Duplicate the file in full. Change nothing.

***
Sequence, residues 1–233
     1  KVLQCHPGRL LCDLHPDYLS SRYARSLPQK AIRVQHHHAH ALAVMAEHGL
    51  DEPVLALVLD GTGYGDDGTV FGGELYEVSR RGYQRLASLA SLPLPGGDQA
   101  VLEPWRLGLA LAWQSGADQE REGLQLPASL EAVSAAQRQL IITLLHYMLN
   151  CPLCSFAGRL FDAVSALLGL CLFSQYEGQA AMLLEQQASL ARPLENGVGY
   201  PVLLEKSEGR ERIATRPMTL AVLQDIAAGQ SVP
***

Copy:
Sequence, residues 1–233
     1  KVLQCHPGRL LCDLHPDYLS SRYARSLPQK AIRVQHHHAH ALAVMAEHGL
    51  DEPVLALVLD GTGYGDDGTV FGGELYEVSR RGYQRLASLA SLPLPGGDQA
   101  VLEPWRLGLA LAWQSGADQE REGLQLPASL EAVSAAQRQL IITLLHYMLN
   151  CPLCSFAGRL FDAVSALLGL CLFSQYEGQA AMLLEQQASL ARPLENGVGY
   201  PVLLEKSEGR ERIATRPMTL AVLQDIAAGQ SVP